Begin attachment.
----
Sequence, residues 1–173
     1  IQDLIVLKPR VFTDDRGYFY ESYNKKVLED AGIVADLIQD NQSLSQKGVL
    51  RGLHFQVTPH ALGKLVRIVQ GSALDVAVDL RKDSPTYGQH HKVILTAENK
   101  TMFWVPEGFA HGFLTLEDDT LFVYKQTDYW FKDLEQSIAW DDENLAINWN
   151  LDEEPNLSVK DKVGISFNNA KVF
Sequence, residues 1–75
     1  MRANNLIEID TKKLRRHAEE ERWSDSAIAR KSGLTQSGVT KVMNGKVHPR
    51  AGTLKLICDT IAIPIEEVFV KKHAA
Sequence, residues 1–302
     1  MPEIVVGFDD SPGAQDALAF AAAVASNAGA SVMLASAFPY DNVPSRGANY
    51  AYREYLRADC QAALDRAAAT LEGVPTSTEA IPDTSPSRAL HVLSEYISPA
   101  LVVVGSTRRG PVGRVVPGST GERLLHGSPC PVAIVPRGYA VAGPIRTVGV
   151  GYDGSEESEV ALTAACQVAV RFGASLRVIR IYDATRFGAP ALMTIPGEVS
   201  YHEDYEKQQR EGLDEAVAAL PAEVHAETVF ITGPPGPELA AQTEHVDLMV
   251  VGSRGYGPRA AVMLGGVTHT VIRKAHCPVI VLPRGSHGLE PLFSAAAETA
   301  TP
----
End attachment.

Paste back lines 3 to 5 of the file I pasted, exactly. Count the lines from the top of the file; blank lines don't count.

    51  RGLHFQVTPH ALGKLVRIVQ GSALDVAVDL RKDSPTYGQH HKVILTAENK
   101  TMFWVPEGFA HGFLTLEDDT LFVYKQTDYW FKDLEQSIAW DDENLAINWN
   151  LDEEPNLSVK DKVGISFNNA KVF